As an author embarking on social media promotion, it’s imperative that you develop a content strategy plan and avoid doing things online that will repulse — rather than attract — an audience.
Almost every author has been told at some point, “You gotta get online and promote.” But only a small percentage of authors have actually been coached on social media best practices, so hundreds of authors are misusing social media and turning readers off rather than attracting them.
If you are guilty of any of the following social media practices, for the sake of your readership, please stop immediately!
1. Overusing hashtags
A hashtag is not the secret to getting discovered and no one meaningful is going to follow you based on a tweet where 8 out of 10 words are hashtags. Instead of trying to game the system and latching on to various trending hashtags, consider posting meaningful content that attracts your target audience.
As authors, your social media followers extend beyond your friends and family. Your followers are your readers, your publishing team, librarians, and booksellers. I see too many authors forget this and post about all aspects of their life, from photos of their breakfasts to complaining about writing and publishing. You are a public figure; your social media content should reflect that.
3. Auto-tweeting Facebook posts
We’re all looking for ways to save time, but this isn’t one of them. If your Facebook posts automatically aggregate to Twitter, you’re not using either platform effectively. Facebook posts tend to be long and meaty, tweets are short and pithy. If your lengthy Facebook content is tweeted, those tweets will be cut off with ellipses and followers won’t understand your content. If you post shorter, pithy content to Facebook, that content won’t perform as well. Take an extra few minutes and translate your content for both platforms.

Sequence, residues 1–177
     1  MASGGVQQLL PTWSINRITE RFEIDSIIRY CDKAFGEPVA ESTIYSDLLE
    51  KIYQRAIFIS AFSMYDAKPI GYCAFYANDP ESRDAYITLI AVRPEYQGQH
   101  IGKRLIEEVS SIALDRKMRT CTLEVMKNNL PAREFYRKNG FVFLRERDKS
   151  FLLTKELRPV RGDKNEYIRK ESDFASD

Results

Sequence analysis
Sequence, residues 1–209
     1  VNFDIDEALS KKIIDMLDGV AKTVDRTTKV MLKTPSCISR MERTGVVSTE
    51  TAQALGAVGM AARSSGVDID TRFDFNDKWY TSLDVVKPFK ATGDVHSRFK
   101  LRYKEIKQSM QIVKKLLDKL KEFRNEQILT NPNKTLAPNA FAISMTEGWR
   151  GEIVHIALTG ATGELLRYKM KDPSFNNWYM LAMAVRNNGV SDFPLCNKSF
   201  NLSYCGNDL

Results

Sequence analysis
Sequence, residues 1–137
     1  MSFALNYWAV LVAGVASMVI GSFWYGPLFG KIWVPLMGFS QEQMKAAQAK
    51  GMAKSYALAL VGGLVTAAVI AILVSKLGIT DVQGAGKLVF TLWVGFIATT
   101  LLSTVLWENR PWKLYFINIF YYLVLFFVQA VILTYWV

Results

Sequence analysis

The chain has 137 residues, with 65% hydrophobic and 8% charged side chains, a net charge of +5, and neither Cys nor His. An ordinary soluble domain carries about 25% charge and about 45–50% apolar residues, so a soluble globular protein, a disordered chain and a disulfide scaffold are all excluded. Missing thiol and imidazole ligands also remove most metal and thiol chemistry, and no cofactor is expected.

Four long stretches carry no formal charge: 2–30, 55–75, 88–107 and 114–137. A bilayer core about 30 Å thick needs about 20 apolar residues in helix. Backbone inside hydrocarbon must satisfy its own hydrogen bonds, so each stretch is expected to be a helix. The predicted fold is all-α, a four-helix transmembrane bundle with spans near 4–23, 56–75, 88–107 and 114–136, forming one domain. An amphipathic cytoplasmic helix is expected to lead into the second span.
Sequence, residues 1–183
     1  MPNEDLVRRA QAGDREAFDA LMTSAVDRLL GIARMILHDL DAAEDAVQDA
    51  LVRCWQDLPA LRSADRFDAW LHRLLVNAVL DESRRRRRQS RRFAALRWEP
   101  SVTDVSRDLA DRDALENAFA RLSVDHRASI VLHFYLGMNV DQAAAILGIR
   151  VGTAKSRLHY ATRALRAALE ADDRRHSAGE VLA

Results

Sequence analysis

4. Messaging people about your book
I can safely say that all of us, at one point or another, have received a Facebook message or @ reply on Twitter from someone asking us to check out their book. Social media is not about the hard sell — and the hard sell is the quickest way to have your account blocked.
5. Scheduling posts and forgetting about them
When tragedies like hurricanes or mass shootings take place, no one wants to hear about your upcoming book tour or recent 4-star review. If you’re going to schedule posts ahead of time, establish a system that reminds you when posts are going out and stay attuned to the news cycle so you can cancel content in the event of a national emergency.
6. Auto-posting the same content 5x a day
Yes, I know your book is out today. And yes, I know you have a newsletter. Yes, I already saw your tweet about your book tour. If you want to run one “in-case-you-missed-it” (ICYMI) tweet later in the day or remind me once a month to sign up for your newsletter, fine. But if I see the exact same tweet 3-5 times a day? The only thing you’ll get from me is unfollowed.
7. Posting about sex, politics, and religion (unless you write about those topics)
Whatever the political climate, we are all entitled to our feelings and opinions. But as a public figure, the quickest way to alienate half your audience is to post content that offends or enrages them. If you don’t write about sex, politics, or religion, then adhere to dinner party rules and don’t post about them.
8. Posting without revising
You wouldn’t send a book to your editor without giving it a read-through, so why should you post to social media without re-reading and editing your content? Tone is hard to convey on social media; that’s why I recommend reading your posts aloud in a deadpan tone. Does it convey your intended attitude and message, or could people take it the wrong way? If there’s a chance you’ll offend someone or the post will come off as bullying or antagonistic, delete or revise.
9. Only sharing other people’s content
The purpose of social media is to establish your online brand and create relationships with potential readers and influencers. How can you do that if you’re only re-tweeting and sharing other people’s Facebook posts and not posting any content of your own? When I see authors only sharing other people’s content, it’s usually because they’re unsure of what content they should be posting.
10. Posting without a strategy
Before you post your first Instagram photo or YouTube video, it’s imperative that you develop a content strategy. You wouldn’t start writing your book without an idea of the characters, plot, and genre; so why would you start posting to social media without a plan?
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